Sunday, January 17, 2010

Still Editing


That is all.

Okay, that's not entirely true. I am a mess of self-doubt. I am re-reading this story, this novel, this manuscript and I'm thinking it is utter crap. I'm prepared to chuck it in the bin and walk away, forgetting that I ever entertained the idea that I could write a story.

I'm sick of the story, fed up with the characters and unsure of the narration. Should it be first person? Is there really a story there? Is there too much in the beginning and not enough in the second part? Wrap things up or leave them hanging? Do I give enough description? Is the writing too simple, not literary enough? What if I've just wasted all this time telling the wrong story, using these characters the wrong way?

I put the pages down and do something else. Play cards with Sophia, watch British murder mysteries with MathMan and Chloe. Goof around with Nathan. Pet a cat and stare out the window.

I think about the novels I'm reading lately. What is it that I like? What don't I like? How do their characters develop enough so that the reader cares what happens to them? And don't even get me started about genre. I haven't a clue where this story will fit.

Considering all that's wrong with the world (and, by the way, I'm heartened to see the good that disasters like Haiti bring out in people), all of this is incredibly petty, meaningless stuff. But it's my stuff and hopefully it will unlock a different kind of future for me and my family and so I press on even when all I'd rather do is read a book without analyzing it or catch another old film on TMC.

I'm about 90 pages from done with my read-through edits, so it's back to it. There is likely a bit more writing to do.

Be well and be good to each other and yourselves....

Lisa

27 comments:

  1. Lisa, I'm sure it is way better than you're giving yourself credit for!

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  2. Hey Philip, shut-up already, eat some pudding and know that it is good.

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  3. Stick with it, gurl! You know that we're our own worst critics.

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  4. It is hard not to be critical of our own creativity. Have you had someone in the publishing business read your novel for an honest opinion? When you are published for the 40th time you will look back at these insecurities and laugh.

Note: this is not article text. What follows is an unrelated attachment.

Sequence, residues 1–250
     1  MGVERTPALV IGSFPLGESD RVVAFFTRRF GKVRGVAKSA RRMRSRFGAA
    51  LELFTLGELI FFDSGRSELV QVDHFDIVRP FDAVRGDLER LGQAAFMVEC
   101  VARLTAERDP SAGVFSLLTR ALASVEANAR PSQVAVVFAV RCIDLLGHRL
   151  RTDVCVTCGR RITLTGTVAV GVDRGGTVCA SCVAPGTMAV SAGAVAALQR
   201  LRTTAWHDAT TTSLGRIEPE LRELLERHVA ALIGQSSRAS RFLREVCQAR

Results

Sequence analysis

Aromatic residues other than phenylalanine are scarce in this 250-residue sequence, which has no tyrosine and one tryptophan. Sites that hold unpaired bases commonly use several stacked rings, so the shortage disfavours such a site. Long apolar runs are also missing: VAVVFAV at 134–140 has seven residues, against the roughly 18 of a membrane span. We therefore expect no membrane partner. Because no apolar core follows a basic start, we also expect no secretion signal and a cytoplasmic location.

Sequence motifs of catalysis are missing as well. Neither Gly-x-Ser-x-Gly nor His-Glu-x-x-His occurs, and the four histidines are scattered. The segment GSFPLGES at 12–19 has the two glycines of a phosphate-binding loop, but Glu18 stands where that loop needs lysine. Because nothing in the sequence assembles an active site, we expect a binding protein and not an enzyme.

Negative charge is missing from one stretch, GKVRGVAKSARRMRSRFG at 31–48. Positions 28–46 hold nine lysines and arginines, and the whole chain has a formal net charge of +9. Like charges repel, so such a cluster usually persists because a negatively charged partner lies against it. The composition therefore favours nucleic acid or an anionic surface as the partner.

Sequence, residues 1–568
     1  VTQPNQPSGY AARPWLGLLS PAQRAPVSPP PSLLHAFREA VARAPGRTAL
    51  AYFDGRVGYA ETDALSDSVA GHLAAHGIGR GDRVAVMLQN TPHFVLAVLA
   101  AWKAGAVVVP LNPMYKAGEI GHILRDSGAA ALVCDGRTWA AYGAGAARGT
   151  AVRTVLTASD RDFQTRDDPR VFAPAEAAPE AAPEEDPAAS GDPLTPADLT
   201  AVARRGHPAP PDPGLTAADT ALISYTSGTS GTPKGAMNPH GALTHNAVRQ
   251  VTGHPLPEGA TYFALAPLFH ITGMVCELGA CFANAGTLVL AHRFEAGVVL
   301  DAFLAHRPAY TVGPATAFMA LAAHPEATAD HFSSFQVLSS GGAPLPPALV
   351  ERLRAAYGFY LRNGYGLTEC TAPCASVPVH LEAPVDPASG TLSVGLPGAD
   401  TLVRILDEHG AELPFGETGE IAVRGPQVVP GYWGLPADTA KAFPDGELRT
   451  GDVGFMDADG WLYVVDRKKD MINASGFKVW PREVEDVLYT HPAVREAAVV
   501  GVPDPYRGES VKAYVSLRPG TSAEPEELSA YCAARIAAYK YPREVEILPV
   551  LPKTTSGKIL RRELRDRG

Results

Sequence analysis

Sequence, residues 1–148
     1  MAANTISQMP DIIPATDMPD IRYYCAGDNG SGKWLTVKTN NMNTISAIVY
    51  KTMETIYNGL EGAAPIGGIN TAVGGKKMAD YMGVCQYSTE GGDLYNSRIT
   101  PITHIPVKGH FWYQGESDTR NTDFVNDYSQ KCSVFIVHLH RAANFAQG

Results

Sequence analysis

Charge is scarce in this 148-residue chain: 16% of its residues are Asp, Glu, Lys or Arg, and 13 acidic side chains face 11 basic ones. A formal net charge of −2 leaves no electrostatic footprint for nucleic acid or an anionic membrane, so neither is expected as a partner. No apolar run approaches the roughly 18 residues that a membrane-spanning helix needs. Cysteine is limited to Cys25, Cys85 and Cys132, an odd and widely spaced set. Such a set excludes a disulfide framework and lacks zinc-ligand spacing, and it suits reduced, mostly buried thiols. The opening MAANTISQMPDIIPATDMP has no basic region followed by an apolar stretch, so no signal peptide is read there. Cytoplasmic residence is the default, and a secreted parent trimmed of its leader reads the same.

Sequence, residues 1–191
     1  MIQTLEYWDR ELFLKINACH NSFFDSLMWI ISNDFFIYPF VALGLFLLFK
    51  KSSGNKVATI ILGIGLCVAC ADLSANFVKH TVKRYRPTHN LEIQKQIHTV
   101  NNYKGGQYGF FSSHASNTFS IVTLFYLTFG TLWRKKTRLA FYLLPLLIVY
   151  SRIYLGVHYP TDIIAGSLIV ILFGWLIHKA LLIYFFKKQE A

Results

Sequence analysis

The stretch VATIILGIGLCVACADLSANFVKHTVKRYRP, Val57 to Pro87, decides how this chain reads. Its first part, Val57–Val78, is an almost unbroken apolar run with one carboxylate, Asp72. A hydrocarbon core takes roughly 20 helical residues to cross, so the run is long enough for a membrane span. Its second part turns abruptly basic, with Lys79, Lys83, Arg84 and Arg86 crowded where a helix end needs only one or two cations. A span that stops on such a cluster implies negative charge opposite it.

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  5. I kinda agree with Saoirse. After you are done with the edit, maybe you need an outside opinion, not necessarily someone in publishing, just someone that can look at it objectively.

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  6. Creativity, particularly in regard to lengthy fiction, is a very tricksy business. We know what we enjoy reading but when it comes time to examine something we've written ourselves then everything appears mutable. It's very likely that up until now very few have read your manuscript other than you. After all, it's a lot to ask of people. Knowing you and having enjoyed reading your blog posts for several years my guess would be that Mathman is correct. The problem you face is that he's also too close to have a strictly objective opinion. I think Saiorse is correct about the time having come to let others read it in its entirety or in part but rather than submitting it to any publishers you may be more amenable to checking out a writers forum. I know the very idea of releasing a book you've worked on so long has to be very daunting especially if you're vacillating about key elements. Perhaps your insecurity now is only a signal that it's time for some impartial appraisals. Step back, take a deep breath and trust yourself.

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  7. I'm with Mauigirl. Walk away for a bit, then come back.

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  8. Step away from the manuscript---just for a bit.
    then have another looksee after cleansing your palate on something totally different.

    I'm sure it's dang good and can't wait to read it.

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  9. You sound a lot like me. Every time I think I've finally got it right, I do one final edit and decide to rewrite the whole thing another way, then that requires more editing and so it goes. Will I ever finish? God I hope so. I know just how you feel. Don't give up. If I can keep writing on the same story with the same characters for 30 years and still hope I'll finish and publish so can you.

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  10. This is exactly why my blog posts are a source of such fear. I do not and cannot manage to offer anything I have written for publication. I do the required "set it aside" stuff before reading, editing, and such, and always find it to be crap, pure and simple. Derivative. Unoriginal. Junk.

    How I have managed to blog so much without losing my ind is quite beyond my capacity. I understand, Lisa, but I believe in you. You are far too good a writer, far too honest not to have written something both powerful and singular.

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  11. So, Lisa, I have done read throughs on manuscripts before if you want to send it to me. Just a thought.

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  12. Good luck. And I'm sure every writer feels the same way when they are getting near the end. If you didn't have to deal with self-doubt, the end result wouldn't probably be worth a damn.

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  13. Um. The advice I try to follow with my own art is that you must "show up at the page." The work is yours, and you must try your best, but the quality is your muse's job. The work is this thing that needs to be born, and you must give birth. Much of what makes it what it is is NOT your job. It came to you.

    So stick with it. Get it into the hands of some readers who can tell you what they think. Don't judge it while it still isn't born yet.